Sinta Wullur

Profile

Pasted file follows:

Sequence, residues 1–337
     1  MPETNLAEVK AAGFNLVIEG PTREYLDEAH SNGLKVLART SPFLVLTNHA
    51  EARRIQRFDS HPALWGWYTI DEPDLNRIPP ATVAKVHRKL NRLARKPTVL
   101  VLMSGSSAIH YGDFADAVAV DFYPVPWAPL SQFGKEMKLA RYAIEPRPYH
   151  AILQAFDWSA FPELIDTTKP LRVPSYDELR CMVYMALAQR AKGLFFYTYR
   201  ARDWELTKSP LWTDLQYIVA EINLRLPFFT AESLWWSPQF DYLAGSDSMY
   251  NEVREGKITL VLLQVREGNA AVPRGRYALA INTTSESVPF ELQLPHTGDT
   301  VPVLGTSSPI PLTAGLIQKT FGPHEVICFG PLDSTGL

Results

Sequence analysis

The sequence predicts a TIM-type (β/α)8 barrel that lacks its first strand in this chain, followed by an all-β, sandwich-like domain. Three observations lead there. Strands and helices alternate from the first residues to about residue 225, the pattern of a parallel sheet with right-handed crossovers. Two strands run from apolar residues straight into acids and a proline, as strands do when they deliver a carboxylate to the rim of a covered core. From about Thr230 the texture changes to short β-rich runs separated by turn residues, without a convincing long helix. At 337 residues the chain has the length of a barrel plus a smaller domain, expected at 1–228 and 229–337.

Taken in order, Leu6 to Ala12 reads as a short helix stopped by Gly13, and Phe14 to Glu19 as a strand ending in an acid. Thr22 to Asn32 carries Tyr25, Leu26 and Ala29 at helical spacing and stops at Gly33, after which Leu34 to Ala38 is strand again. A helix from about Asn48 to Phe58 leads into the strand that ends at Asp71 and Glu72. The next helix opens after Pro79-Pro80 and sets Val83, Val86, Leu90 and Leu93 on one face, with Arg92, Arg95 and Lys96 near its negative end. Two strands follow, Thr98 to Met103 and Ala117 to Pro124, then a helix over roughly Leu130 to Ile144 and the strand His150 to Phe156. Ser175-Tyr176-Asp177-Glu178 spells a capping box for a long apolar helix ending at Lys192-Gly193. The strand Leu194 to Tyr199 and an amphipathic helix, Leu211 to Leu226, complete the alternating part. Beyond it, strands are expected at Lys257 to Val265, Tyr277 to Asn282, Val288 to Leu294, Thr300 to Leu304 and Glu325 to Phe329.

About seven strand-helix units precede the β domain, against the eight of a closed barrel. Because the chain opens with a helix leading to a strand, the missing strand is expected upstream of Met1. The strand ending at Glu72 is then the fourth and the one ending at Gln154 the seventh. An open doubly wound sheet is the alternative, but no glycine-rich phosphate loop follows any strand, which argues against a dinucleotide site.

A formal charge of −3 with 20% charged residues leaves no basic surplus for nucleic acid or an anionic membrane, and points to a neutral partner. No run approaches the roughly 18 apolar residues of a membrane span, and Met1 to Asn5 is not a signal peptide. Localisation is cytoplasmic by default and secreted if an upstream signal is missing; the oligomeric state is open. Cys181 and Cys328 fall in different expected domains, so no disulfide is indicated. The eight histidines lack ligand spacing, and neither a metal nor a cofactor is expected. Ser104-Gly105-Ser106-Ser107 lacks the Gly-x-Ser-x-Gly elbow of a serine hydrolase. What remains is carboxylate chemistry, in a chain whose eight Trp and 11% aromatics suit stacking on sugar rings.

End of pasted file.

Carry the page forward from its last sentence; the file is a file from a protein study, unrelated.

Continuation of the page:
time, she also developed an interest in Asian music, especially Indian and Indonesian song, and the gamelan traditions of Java and Bali. Wullur travelled to Indonesia to learn more about its musical traditions. She has played in various Dutch gamelan ensembles. She aims to combine European and Asian traditions in her music, in part by working with rhythmical structures derived from gamelan. In the mid-1990s, she had a gamelan orchestra built that was turned according the European twelve-tone system, as opposed to the Indonesian tuning in five and/or seven tones. She set up the Multifoon ensemble to play this gamelan, often in combination with European instruments such as a string quartet and a saxophone quartet. The ensemble played a role in Gamelan Symfonie by Peter Schat. She also used this gamelan in her opera Ramayana, on which she worked since 2001. She recently spent two years travelling around India and Indonesia. As a result, she started incorporating gamelan and Indian raga into her compositions. Her most recent work focuses on improvisation. In her concerts, she wants the audience to be able to share a ritualistic experience. Miranda Lakerveld creates innovative stagings for opera and classical music to build bridges between cultures, religions and artistic disciplines. For this purpose she has founded World Opera Lab. Recent works include Orfeo in India, an adaptation of Monteverdi’s  L’Orfeo, with Indian and European musicians in Ahmedabad, Erda a performance installation with music by Calliope Tsoupaki at Dutch National Opera, Het innerlijke landschap (‘The Inner Landscape’) at the Holland Festival in 2015, about the Sichuan Opera tradition, and Il ritorno d’Ulisse in patria, with communities in Amsterdam-West, combining Monteverdi with Arabic and Turkish traditional music. She made Majnun & Leyla fusing music and performance practices from India, Iran, Morocco and Turkey, and a series of opera/lectures about conflicts in the Middle East for De Balie, and Dance with the seven veils. To support her creative work she has done extensive research into traditional music-drama practices and religious ceremonies from India, Iran, Mexico, Japan, Guatemala and Tibet.